Bought it second hand from a friend, used for a few years and sold it. It's a good bass I just have others that I prefer, just my personal feel, this could be your dream bass.
Very playable, 24 frets and and extra few frets and the lower strings, which adds more timbrel options for playing a few notes on the highest frets. Although I think I would prefer having three extra frets on the G string to add more tonal range to the bass. Tone is solid, and has a quite a few knobs to adjust that with that all work well. Most features are good but nothing fancy, but that is the price range. Spacing and action are okay, neck thickness is okay, etc. For the price range, its a good bass. Need to try one out for yourself.
The cut into the body that adds extra playability to the highest frets also creates a strange looking small hook, visual aesthetics or non-aesthetics depending on your tastes aside, it makes it very uncomfortable to hold it on your lap and play. If you only play standing up that wont be an issue, but if you want to sit down and play it can be uncomfortable unless you have a small thigh.
From what I have seen using it I never had any issues with it, but I only used it for a few years and do not know the long term durability of it.
A good bass, pick it up and play it at music store and see if the feel is right for you. If you like it go for it, you wont be disappointed.
Been a professional musician for 8 years. I play 6-8 shows a month in a Metal/Hard Rock band. It's an active stage show where we are moving around quite a bit from the drum riser to the stage to the floor.
I "inherited" one of these in a trade and I loved the way it played. Then I blew out the electronics some how. I loved the feel so much, that I ordered a new one with the Bartolinis in it. I paid about 425 with a hardshell case. It was ordered from a store in Duluth MN thru E Bay. It is now my main bass rig, and I no longer bring a back up to the shows (knock on wood).
The bass is user friendly and versatile. It's easy to dial in your sound. The "slap" switch is a nice feature for a little boost. The composite body with a maple neck and ebonal finger board make this thing so light it is amazing! I can do a 4 hr gig without needing to see the Chiropractor on Monday. the playability is awesome and the action is super low when set up properly. Lighter gauge strings are a must with this style of guitar. All in all the most bang for teh buck I've seen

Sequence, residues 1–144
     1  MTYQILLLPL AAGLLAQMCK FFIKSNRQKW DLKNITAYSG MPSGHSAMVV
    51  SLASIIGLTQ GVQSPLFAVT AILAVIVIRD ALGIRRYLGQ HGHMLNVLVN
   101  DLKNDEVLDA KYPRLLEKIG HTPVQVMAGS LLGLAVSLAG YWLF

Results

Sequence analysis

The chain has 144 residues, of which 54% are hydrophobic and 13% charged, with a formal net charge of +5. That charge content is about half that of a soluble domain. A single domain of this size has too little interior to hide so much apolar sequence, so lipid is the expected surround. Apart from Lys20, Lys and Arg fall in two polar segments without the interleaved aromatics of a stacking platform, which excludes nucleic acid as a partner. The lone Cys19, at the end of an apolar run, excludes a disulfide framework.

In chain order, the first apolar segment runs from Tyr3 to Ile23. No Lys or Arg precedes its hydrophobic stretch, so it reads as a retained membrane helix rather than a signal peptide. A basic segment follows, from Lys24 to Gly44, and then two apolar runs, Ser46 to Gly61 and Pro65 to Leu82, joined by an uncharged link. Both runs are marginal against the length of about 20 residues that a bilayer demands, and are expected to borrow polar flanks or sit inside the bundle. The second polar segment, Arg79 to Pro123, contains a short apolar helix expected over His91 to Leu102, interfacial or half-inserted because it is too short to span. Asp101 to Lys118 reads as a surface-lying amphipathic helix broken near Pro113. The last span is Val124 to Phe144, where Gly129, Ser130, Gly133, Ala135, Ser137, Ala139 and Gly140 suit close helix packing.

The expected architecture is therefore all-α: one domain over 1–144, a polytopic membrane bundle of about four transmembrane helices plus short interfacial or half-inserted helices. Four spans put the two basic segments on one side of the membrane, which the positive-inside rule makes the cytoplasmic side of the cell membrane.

With a composit body and a maple neck, it doesn't warp like a regular guitar does. It takes a little tweaking to get the truss rod just right when the seasons change. But once I get it dialed in, IT IS ON!!!!
Indestructible body, and the finish will never get messed up because it's in the mold. I beat the bejesus out of this thing and it continues to perform.
MOST BANG FOR THE BUCK!!! Gives other guitars that are twice the cost a run for their money.
Been playing bass for about 30 years. Currently play a 4-string Spellbinder bass (by Stanley Clarke and Tom Lieber), and a 10-string Chapman Stick.
Wanted an inexpensive 5-string to mess with, but wanted one that wasn't a complete washout. Research indicated that many experienced players liked this one, but occasionally it has production flaws. Unfortunately, mine is in the latter category.
Nice looking, not very heavy, small body. As you'll see, that's all I can find out about it at the moment...
Terribly bad construction in the neck. Arrived with a bowed neck (about 3/8 inch at the mid-point of the neck). In adjusting the tension rod, after about two cautious 1/4 turns, a loud SPANG! was heard, and rod apparently disconnected at the far end.
The bass was never even played. The neck was not well enough made so that it could even be properly straightened.
What was a good deal is now a horrible one, as it was used and no warranty. A new neck is going to be between $200 and $300, plus the cost of labor in replacement and setup. Not worth the money at any price.
As above. Finish is very nice, all lines clean. But apparently under the skin this one was sloppily constructed.
So quality = unplayable. As bad as it gets, since all the rest doesn't matter in this case.
Spend more money next time on a well-made instrument.
I went to Goodguys Music Store in Honolulu, Hawaii, just to browze, and then I saw Sleek looking bass hanging on the wall. I tried it and was kinda blown by the feel, it's design and it's weight. Months after, I finally puchased a brand new Curbow for $450.00. I could have gotten it much cheaper though Ebay, but I could'nt wait and it was there to be taken home.
It's 5-string, even though I was shopping for a six, It's all good. Great looking body, Lake Placid Blue. It's light weight comparing Carvin and Fender basses. The action to me is awesome for soloing or just keeping the groove. Slap switch (is cheating) however, It's great to have, some adjustments on your electronics and your are there. Importantly, it has a great tone that versital players would like. Curbow basses are indeed good basses for the beginners to advance players. Most of all, It's affordable.
I Love Bartolloni pickups. I just wish it came with Two of them instead with one.
Construction and design of the Cubrow is awesome. (won't get into woods) It's made for bass players or bass player who are actually guitar players or play through four set within the night. This body is solid, It once droped on stage and never seen one nick from top to bottom. In addition, the quality of the Curbow bass is the playbility and sound you can get out of it.
Curbow basses are quality bass and It's affordable. I recommend owning one.